# implementing Propp-Wilson's Coupling From the Past on Lozenge Tilings of a Hexagon

I'm trying to write a program (with javascript or python) that samples a random lozenge tiling of a hexagon with Propp - Wilson's coupling from the past algorithm. I'm quite clear of the framework of the algorithm, but I don't know which is the most efficient way to encode a tiling, or whether different encoding methods would result in non-uniform samplers.

I have at least 3 possible way to encode a lozenge tiling of a hexagon:

1. View it as a plane partition, i.e. piling cubes in a 3D room. This is quite intuitive, but not easy to implement the add - remove step.

2. View it as a non-intersecting path system. Each path is further represented by a 0-1 array.

3. encode it as a interlacing array (which I have not understand it yet). But I have seen at least 3 people that mentioned this approach. For example here

So my question is: which is the best way to encode a tiling, or can anyone explain the 3rd approach?

Actually, there is a slightly different representation that might be better and has been popular in the past. In the case of regular partitions, it turns the partition 45 degrees, so that the gravity pulling boxes into the corner is now the $y$ axis. The $x$-axis parameterizes diagonal stacks of boxes, touching corner to corner. We record an array index by $x$ of the heights of these stacks. This restores the symmetry of the axes. Similarly, we can represent a (boxed) plane partition as a hexagonal grid of heights, where height is $x+y+z$.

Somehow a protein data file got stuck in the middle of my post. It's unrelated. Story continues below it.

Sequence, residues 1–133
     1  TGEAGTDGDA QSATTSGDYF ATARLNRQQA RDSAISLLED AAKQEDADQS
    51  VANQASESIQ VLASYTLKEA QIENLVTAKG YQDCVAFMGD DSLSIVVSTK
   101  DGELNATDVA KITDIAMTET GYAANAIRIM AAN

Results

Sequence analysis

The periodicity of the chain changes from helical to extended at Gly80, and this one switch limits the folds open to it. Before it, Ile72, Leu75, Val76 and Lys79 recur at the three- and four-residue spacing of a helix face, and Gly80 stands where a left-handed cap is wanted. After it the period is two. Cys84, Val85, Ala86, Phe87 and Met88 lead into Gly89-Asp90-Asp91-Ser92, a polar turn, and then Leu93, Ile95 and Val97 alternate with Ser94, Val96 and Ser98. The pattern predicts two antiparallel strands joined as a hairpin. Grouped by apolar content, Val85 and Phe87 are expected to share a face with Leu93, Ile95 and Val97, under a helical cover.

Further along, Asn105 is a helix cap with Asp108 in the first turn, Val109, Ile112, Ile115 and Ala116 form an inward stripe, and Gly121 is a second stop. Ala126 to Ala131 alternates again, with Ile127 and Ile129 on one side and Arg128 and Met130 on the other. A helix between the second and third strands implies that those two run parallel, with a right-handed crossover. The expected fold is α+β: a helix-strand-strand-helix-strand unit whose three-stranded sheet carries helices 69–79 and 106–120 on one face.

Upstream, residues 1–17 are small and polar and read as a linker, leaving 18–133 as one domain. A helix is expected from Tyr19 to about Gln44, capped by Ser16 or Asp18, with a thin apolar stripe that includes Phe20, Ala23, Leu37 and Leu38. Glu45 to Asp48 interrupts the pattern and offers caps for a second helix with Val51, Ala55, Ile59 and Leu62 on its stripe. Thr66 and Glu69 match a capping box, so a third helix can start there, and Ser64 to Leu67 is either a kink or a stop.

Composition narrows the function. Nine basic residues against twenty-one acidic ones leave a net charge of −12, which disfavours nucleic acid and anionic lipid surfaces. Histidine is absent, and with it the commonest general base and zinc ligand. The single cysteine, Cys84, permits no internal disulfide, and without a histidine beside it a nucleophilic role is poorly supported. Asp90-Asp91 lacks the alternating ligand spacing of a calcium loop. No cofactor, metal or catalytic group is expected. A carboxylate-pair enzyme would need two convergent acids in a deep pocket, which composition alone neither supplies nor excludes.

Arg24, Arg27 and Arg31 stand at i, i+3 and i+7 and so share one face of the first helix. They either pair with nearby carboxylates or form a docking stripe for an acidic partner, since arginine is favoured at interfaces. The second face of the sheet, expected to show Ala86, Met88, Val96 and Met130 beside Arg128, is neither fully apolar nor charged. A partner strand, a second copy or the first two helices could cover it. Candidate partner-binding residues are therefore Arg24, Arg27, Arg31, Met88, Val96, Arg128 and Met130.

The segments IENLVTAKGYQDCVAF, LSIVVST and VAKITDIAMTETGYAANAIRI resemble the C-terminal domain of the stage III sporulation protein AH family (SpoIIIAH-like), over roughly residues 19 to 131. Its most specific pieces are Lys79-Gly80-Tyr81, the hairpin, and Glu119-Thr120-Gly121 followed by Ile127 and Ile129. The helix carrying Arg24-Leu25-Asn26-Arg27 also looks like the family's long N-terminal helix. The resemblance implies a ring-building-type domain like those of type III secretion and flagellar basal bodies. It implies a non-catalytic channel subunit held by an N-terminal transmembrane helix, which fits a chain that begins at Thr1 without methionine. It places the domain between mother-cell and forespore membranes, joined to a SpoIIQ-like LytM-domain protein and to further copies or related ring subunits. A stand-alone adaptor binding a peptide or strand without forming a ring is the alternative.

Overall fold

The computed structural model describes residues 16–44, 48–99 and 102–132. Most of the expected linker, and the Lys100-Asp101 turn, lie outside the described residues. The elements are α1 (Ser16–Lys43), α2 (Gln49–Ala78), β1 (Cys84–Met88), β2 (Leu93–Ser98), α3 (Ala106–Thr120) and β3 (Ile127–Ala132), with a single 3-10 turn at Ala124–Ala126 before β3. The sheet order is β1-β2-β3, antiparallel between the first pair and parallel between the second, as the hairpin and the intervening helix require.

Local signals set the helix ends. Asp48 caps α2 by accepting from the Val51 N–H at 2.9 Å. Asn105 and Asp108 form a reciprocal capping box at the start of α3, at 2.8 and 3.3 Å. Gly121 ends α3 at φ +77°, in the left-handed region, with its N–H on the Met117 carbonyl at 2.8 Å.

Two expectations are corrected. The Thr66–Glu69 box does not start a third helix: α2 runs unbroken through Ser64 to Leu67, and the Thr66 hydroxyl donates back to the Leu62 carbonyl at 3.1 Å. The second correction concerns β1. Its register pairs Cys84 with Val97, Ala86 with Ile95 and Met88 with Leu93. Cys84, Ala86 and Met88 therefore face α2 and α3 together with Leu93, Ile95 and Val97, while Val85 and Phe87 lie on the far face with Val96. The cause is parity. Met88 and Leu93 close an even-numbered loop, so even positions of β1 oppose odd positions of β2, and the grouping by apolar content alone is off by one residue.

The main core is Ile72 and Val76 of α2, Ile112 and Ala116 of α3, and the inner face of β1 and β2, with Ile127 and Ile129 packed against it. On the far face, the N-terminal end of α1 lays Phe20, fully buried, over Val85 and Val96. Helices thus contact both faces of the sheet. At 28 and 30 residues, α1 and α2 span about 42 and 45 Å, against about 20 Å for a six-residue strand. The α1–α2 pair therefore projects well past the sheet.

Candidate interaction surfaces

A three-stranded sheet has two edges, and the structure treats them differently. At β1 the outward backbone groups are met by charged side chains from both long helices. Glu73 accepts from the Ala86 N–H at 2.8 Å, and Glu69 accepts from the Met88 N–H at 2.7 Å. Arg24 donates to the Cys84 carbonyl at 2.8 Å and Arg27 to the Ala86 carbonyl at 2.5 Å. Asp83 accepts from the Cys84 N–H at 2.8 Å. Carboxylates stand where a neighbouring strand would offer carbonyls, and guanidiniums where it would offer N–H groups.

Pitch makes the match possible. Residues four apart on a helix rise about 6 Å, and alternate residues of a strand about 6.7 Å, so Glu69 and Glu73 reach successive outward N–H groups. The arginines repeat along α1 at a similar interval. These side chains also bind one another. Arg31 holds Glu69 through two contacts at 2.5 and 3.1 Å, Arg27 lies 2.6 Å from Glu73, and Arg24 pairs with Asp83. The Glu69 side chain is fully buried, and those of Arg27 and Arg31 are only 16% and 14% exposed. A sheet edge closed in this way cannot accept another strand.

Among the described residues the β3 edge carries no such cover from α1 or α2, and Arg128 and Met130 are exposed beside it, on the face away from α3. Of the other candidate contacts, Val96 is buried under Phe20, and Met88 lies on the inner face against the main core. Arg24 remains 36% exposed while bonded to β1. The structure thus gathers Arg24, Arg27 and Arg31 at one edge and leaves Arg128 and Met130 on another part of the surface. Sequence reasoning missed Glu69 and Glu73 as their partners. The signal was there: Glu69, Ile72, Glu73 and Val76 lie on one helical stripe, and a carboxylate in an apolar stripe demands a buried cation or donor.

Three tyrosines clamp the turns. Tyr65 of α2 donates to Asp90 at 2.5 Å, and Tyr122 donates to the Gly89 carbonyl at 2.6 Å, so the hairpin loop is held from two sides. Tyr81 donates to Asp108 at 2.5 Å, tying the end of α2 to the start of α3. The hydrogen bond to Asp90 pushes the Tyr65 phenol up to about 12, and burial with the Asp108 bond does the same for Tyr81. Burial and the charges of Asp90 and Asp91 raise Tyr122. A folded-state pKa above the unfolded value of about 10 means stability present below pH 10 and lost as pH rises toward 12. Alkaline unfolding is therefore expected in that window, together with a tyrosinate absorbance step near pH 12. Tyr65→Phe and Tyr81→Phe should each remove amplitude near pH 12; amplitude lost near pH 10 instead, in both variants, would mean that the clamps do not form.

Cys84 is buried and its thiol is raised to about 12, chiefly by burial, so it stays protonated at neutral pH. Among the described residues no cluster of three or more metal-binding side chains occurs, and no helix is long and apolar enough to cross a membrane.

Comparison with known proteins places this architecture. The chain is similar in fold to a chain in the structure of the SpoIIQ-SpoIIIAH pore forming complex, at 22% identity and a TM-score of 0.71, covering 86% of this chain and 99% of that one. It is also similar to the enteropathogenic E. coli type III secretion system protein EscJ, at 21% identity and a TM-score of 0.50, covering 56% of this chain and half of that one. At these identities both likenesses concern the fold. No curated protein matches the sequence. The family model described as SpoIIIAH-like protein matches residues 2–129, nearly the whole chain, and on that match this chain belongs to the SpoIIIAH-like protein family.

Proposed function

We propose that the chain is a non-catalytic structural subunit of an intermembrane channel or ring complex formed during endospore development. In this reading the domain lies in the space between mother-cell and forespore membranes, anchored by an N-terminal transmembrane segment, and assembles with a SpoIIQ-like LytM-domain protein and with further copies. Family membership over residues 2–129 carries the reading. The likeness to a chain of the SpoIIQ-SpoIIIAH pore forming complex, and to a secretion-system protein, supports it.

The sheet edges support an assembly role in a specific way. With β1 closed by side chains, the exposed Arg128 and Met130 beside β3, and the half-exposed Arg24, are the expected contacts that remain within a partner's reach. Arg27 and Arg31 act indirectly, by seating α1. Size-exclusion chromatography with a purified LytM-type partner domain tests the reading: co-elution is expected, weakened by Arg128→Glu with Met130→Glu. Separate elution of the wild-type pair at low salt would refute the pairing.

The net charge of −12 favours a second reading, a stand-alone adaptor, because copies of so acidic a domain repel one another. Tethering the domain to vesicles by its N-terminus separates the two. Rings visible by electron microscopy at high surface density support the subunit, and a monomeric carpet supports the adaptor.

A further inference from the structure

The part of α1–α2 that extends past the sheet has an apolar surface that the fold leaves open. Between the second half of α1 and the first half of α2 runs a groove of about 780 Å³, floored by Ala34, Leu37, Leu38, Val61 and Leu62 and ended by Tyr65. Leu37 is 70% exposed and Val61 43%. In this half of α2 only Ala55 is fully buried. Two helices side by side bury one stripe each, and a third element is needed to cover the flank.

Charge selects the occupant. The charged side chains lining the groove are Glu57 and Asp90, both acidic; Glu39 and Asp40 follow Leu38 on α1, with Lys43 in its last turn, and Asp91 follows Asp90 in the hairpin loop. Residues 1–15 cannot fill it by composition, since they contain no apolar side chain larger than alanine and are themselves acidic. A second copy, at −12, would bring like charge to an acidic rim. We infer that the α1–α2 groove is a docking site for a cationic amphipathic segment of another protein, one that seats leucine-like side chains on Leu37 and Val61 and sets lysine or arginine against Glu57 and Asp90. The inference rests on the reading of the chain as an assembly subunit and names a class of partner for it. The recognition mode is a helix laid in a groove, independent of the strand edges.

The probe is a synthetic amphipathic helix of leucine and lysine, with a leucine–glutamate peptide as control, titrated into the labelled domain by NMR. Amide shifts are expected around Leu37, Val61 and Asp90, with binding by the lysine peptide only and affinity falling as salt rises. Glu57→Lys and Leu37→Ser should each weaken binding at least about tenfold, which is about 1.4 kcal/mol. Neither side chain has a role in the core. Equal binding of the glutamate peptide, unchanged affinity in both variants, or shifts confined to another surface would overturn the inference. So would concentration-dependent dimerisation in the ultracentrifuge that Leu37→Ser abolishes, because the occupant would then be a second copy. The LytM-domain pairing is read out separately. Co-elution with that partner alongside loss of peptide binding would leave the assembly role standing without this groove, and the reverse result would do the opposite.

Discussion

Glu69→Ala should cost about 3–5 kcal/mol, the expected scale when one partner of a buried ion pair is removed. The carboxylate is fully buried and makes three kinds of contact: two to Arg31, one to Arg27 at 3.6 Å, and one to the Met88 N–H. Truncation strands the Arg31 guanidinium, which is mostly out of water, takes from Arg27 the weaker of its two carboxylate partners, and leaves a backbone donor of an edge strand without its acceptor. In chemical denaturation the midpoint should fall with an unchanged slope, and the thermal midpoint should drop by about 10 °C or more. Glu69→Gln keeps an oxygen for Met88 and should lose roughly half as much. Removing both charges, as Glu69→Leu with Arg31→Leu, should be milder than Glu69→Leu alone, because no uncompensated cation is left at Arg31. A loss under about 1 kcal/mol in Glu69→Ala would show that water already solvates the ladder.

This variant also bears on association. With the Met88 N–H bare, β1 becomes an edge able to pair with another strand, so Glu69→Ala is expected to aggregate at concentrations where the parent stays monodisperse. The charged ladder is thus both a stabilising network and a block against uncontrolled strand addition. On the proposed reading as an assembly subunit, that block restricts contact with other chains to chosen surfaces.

• There is really only one partial order. But there are many Gibbs chains because every representation gives you a different sense of "local structure." Maybe there is a universal one, where you choose one of the $n^3$ boxes and forget whether it is present. But it is more efficient to group together boxes into $O(n^2)$ sets and forget about all of them at once. In particular, if you use either representation as an array of numbers, you can erase one of those numbers. But for CFTP it is important to make the choice of a replacement number be "the same" for all configurations, compatible w/order. Commented Jan 27, 2017 at 15:07